The 9 Best Derma Rollers for Your Skin, According to Experts
Posted on 31 March, 2020
If you look in the mirror and see something you’d like to improve about your skin — whether it’s minimizing scars, reducing wrinkles, evening out skin tone, or simply achieving a more radiant glow — microneedling could be the answer.
At first, it may seem strange to roll hundreds of tiny needles over your skin. But that’s exactly what microneedling devices — a.k.a. derma rollers — do, and these handheld tools have made a name for themselves in the beauty world as a DIY solution to a variety of cosmetic skin woes.
While not tons of research has been done on their effectiveness just yet, dermatologists do seem to agree that derma rollers can stimulate collagen production and, in turn, improve the appearance of skin. The practice of microneedling started in dermatologists’ offices, but now, derma rollers are widely available for at-home use, too.
How Do Derma Rollers Work?
Derma rollers create tiny punctures in the outermost layer of the skin, which can lead to the production of more collagen, the bodily protein that gives skin its firmness, strength, suppleness, and elasticity, says Ellen Marmur, M.D., a New York City-based dermatologist. They can also help stimulate the lymphatic system, leading to more radiant skin and less puffiness, she adds. And while the devices may be newer, the practice of microneedling itself has been used for centuries, says New York City-based dermatologist Anna Avaliani, M.D.
What Should Derma Rollers Be Used For?
Derma rollers can help minimize and prevent fine lines from becoming visible or deeper on the face, neck, and chest, Dr. Avaliani notes. Along with prompting the production of collagen and elastin for smoother, firmer, and younger-looking skin, they can be used to reduce the appearance of acne scars or stretch marks, and can even stimulate hair growth. “If your concern is aging, dark spots or acne scars, a derma roller could be helpful,” says Dr. Marmur.
Compared to in-office treatments, at-home derma rollers generally use smaller needles (usually around .25-millimeters in depth) to minimize the chance of any potential complications, says Dr. Avaliani. She adds that microneedling procedures performed by doctors are typically much more aggressive, so if you’re looking for faster or more noticeable results, you may be better off booking an appointment with a dermatologist, esthetician, or plastic surgeon.
Possible Side Effects of Derma Rollers
While these versatile beauty tools may seem like a great simple addition to your skincare regimen, it’s important to note, they’re not for everyone. According to Dr. Marmur, you shouldn’t use derma rollers at home if you have sensitive skin, eczema, cold sores, actively infected acne, sunburn, or rosacea.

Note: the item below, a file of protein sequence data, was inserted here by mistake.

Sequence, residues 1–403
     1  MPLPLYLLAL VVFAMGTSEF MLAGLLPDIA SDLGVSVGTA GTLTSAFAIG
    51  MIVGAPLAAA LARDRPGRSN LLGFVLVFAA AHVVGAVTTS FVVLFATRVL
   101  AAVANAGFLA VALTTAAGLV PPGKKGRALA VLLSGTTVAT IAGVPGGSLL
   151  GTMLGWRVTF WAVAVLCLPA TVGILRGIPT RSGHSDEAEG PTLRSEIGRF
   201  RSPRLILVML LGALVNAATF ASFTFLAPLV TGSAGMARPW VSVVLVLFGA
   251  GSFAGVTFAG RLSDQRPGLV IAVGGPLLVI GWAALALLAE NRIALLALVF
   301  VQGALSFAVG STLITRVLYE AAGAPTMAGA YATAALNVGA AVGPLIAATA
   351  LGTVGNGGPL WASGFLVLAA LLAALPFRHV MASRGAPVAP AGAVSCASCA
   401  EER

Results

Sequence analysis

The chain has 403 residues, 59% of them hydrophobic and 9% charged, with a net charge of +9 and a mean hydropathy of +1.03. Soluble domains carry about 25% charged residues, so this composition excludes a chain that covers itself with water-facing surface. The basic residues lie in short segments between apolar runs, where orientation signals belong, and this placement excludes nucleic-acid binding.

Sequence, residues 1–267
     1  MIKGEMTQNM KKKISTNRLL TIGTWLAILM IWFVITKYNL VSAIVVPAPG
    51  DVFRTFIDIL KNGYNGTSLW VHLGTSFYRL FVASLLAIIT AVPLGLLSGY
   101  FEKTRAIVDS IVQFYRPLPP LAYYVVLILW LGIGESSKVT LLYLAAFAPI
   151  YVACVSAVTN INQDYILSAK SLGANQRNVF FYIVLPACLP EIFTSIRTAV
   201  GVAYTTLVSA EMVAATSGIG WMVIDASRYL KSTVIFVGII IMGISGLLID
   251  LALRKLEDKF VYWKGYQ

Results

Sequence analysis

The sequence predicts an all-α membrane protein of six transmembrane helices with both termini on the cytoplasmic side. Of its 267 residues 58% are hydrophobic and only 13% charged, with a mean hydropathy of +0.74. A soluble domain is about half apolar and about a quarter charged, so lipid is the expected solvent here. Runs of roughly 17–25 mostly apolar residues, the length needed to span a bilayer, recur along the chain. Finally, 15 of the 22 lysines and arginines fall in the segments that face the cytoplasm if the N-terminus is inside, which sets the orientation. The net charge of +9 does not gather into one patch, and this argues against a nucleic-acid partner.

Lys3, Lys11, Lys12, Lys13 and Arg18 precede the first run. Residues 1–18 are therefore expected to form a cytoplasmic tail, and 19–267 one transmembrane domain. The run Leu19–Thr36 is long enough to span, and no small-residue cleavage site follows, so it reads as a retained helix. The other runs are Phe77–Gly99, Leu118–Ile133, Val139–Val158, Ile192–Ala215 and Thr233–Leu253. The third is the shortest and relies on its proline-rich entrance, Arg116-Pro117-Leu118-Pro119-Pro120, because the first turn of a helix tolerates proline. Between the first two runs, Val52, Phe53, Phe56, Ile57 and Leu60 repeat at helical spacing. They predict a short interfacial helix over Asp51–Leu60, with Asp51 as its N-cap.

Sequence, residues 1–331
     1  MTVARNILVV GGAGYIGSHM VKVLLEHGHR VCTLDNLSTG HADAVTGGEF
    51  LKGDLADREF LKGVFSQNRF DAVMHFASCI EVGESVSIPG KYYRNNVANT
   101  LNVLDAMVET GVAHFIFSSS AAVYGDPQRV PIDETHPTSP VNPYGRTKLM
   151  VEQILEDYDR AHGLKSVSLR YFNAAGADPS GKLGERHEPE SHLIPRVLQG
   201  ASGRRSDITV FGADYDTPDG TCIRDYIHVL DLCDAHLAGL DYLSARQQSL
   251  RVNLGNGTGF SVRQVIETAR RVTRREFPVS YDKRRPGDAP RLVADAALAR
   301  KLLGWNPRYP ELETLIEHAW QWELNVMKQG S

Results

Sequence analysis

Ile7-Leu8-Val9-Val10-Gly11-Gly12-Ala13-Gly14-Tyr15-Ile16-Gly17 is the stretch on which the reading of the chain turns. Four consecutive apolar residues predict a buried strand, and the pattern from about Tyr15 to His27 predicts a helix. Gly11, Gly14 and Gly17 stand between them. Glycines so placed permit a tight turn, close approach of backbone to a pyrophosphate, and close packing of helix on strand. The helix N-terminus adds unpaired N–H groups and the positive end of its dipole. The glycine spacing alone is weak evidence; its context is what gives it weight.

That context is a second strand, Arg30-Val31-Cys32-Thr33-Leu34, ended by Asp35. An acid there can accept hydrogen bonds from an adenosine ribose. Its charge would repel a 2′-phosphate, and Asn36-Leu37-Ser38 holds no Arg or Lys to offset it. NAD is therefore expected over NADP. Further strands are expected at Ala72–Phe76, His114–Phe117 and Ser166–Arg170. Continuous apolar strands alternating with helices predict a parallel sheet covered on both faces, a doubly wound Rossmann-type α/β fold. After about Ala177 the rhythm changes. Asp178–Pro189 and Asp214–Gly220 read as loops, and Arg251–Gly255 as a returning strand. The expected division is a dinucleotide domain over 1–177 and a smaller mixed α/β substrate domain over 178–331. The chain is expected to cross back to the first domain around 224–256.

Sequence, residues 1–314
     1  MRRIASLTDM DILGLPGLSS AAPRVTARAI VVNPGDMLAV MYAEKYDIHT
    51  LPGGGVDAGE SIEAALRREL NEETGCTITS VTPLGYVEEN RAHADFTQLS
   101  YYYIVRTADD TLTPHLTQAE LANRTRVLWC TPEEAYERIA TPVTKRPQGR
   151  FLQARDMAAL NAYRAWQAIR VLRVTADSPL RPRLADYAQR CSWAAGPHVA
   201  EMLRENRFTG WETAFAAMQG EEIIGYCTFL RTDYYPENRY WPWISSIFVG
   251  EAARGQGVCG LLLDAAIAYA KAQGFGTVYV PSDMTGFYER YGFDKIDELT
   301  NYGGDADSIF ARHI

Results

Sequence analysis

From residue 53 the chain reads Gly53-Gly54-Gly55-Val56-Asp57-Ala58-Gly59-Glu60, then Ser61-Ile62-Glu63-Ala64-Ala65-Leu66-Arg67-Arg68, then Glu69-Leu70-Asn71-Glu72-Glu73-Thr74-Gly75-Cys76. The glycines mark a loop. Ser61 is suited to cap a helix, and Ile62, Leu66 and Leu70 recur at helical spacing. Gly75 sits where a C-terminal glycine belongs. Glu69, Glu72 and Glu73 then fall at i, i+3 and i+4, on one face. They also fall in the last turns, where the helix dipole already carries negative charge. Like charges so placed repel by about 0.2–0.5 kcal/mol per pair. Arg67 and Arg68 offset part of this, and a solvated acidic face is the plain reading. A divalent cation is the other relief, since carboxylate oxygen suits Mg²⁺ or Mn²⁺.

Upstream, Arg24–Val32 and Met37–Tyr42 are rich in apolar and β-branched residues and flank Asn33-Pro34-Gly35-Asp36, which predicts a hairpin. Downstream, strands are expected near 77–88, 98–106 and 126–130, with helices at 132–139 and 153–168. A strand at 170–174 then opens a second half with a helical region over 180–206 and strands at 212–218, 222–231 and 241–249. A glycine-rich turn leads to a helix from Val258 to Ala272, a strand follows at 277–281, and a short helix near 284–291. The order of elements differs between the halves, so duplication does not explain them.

You should also avoid them if you have a compromised immune system or you’re taking medications that suppress your immune system, including medications for autoimmune diseases like lupus or psoriasis, Dr. Avaliani cautions.
And most importantly, if you’re not using your derma roller properly or keeping it clean, you could put yourself at risk for bleeding, bruising, and peeling, or even infection. “I would not universally recommend at-home derma rolling to some of my patients because of these scary side effects,” Dr. Marmur says.
How to Use Derma Rollers at Home
It’s best to start slowly, Dr. Avaliani says; even once a month can be very effective. Dr. Marmur adds that if your skin tolerates the derma roller well, you can work up to using it weekly.
The needles — and your skin — must be washed and disinfected appropriately before and after each treatment. Dr. Marmur recommends spraying the device with isopropyl alcohol (rubbing alcohol) solution and washing it with warm water to sterilize before each use. According to Dr. Avaliani, proper maintenance is also extremely important: Examine the needles carefully to make sure they’re not bent, broken, or rusty, and don’t hesitate to replace your derma roller or its heads whenever necessary.
Once you’ve ticked all the safety boxes, it’s time to get started. Using mild pressure, roll the device back and forth horizontally, vertically, and diagonally over the areas of skin you’d like to treat. After use, you’ll want to be gentle with your skin and avoid topical products that could cause any potential irritation. Final tips? Always buy a high-quality derma roller from a retailer you trust and choose options that come in sterile packaging.
Based on customer feedback and guidelines from dermatologists, we outlined nine derma rollers you can safely use at home to treat fine lines, wrinkles, acne scars, dark spots, and more. And since these options have thousands of positive reviews between them from real users, you can trust that they’ll be effective for a variety of skin concerns.
Here are the nine best derma rollers for your skin.
Best Overall: ORA Face Microneedle Dermal Roller System
Best for Acne Scars: Sdara Skincare Microneedle Dermaroller
Best for Hair Growth: Alphaluxy Titanium Micro Needle Derma Roller
Best for Brightening: ORA Gold Deluxe Microneedle Dermal Roller System
Best for Sensitive Skin: Linduray Skincare Cosmetic Microneedling Kit
Best for Wrinkles: StackedSkincare Micro-roller
Best for Stretch Marks: Eznduray Skincare Derma Roller
Best All-in-One Kit: ORA Face & Full Body Roller Kit
Best with Replacement Heads: Dermaroll by Prosper Beauty
Best Overall: ORA Face Microneedle Dermal Roller System
Best Derma Roller for Acne Scars: Sdara Skincare Microneedle Dermaroller
Best Derma Roller for Hair Growth: Alphaluxy Titanium Micro Needle Derma Roller
Best Derma Roller for Stretch Marks: Eznduray Skincare Derma Roller
Best All-in-One Derma Roller Kit: ORA Face & Full Body Roller Kit
Best Derma Roller with Replacement Heads: Dermaroll by Prosper Beauty